After American president Donald Trump arrived in Ahmedabad of west India on February 24, he announced the two countries will sign a multibillion arms deal the next day but didn’t seem eager to address their thorny trade disputes.
Trump sets the tone for US-India trade deal
US President Donald Trump and his wife Melania Trump arrived in Ahmedabad, Gujarat, the home state of Indian Prime Minister Narendra Modi, around noon on February 24, starting his first official visit to India after taking the office.
Trump gave a speech at a stadium that was said to be able to accommodate 110,000 people. He set the tune for the tricky US-India trade disputes with the wording that “India and US are in the early stages of discussion for an ‘incredible trade agreement’.”
A limited trade agreement has been expected to be inked during Trump’s visit to India, in which India will make trade concessions in exchange for resuming, at least partially, Generalized System of Preferences (GSP) treatment from US.
But just days before his visit, Trump said that he might strike a grand bargain on trade with India after the presidential election in November 2020. A senior official in the Trump administration admitted February 21 that no limited trade deal will be signed during the two-day visit as Washington still has many concerns over India’s high trade barriers.
US Trade Representative Robert E. Lighthizer wasn’t among Trump’s retinue this time. He called off the trip in mid-February and talked with Piyush Goyal, India’s Minister of Commerce and Industry, on the phone instead.
Indian Ministry of External Affairs (MEA) spokesperson Raveesh Kumar said on February 20 that New Delhi is in no hurry to strike a trade deal with Washington and will not set a deadline.
The US is India’s second largest trading partner. The Trump administration imposed tariffs on India-made steel and aluminum products in 2018 and canceled its GSP treatment last June, affecting more than USD5 billion worth of Indian exports to the US. In response, India imposed tariffs on a variety of American goods too.
According to reports by Reuters, the US-India disputes focus on whether India should open up its poultry meat and dairy market and relax the price regulation on medical devices.
Arms sale is the priority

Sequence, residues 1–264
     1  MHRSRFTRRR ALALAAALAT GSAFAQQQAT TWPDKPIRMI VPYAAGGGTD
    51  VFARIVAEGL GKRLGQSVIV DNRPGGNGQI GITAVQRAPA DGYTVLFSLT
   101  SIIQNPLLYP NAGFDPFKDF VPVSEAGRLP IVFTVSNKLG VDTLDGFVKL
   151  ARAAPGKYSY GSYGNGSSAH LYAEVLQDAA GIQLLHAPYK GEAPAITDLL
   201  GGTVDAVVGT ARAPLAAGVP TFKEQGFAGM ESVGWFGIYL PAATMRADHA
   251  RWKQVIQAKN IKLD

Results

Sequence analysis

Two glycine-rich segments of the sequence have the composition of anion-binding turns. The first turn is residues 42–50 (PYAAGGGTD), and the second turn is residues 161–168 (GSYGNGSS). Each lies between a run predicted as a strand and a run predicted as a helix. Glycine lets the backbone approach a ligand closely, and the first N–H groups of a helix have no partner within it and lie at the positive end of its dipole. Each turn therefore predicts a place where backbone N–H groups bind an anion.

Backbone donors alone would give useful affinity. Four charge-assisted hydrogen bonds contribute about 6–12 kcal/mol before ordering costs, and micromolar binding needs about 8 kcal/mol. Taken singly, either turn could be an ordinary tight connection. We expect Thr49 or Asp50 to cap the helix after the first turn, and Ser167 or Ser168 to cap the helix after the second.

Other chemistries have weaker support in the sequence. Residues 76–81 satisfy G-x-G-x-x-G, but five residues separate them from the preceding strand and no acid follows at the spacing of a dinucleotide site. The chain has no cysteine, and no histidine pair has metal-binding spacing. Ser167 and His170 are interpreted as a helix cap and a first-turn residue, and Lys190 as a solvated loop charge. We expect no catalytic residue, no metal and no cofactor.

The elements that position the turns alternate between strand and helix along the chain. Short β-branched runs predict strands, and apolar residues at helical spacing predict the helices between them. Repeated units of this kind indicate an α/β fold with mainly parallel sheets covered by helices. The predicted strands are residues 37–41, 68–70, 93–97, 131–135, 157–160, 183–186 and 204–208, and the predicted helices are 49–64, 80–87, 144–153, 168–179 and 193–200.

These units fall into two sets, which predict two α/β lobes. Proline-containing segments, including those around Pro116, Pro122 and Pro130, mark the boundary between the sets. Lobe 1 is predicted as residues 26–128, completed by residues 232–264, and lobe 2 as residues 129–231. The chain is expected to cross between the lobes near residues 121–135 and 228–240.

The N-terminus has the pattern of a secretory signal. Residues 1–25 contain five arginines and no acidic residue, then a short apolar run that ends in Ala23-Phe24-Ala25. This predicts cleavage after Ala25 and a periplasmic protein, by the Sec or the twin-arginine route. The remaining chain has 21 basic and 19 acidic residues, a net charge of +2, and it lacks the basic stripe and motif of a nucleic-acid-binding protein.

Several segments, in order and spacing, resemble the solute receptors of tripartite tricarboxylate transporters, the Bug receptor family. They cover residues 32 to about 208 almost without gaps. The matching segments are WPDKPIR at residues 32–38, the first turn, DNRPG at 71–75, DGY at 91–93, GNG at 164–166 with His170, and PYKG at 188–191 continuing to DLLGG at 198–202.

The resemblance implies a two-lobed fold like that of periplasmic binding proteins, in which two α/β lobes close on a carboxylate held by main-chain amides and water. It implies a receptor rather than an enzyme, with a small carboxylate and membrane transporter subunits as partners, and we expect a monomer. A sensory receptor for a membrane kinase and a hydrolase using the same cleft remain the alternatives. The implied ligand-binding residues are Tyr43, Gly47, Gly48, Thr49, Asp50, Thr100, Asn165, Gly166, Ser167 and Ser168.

On the contrary that Trump wasn’t in a hurry to sign a trade deal, he predicted on February 24 that the two nations are scheduled to sign a USD3-billion arms sales contract the next day.
"I'm pleased to announce that tomorrow our representatives will sign deals to sell the absolute finest state-of-the-art military helicopters and other equipment to the Indian armed forces," said Trump.
Russian media Sputnik reported February 24 that Indian Cabinet Committee on Security approved earlier this month a USD 2.6-billion order to purchase 24 MH-60R Seahawk anti-submarine helicopters from Lockheed Martin, and New Delhi is also reportedly planning to spend USD900 million purchasing six AH-64E Apache armored helicopters from Boeing.
Agence France-Presse (AFP) predicted that the representatives of both sides will also discuss the prospects of providing New Delhi, the Indian capital, with missile defense systems that may cost as much as USD1.9 billion.
Trump said on February 24 that the United States should be India's premier defence partner, which sounded like a warning for India to rely less on Russia for weapon import.
As the largest weapon provider for India, Russia signed a more than USD5-billion contract with India in 2018 to supply five sets of S-400 air-defense missile systems, which has prompted the US to give repeated warnings that it may impose sanctions on India if New Delhi continues to buy Russian equipment.
Disclaimer: The author of this article is Du Juan. The article is translated from Chinese into English and edited by the China Military Online. The information, ideas or opinions appearing in this article do not necessarily reflect the views of eng.chinamil.com.cn.